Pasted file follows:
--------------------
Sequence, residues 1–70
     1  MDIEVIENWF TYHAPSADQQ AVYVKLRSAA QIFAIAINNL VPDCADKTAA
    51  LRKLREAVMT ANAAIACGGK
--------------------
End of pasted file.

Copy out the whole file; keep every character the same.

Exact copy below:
Sequence, residues 1–70
     1  MDIEVIENWF TYHAPSADQQ AVYVKLRSAA QIFAIAINNL VPDCADKTAA
    51  LRKLREAVMT ANAAIACGGK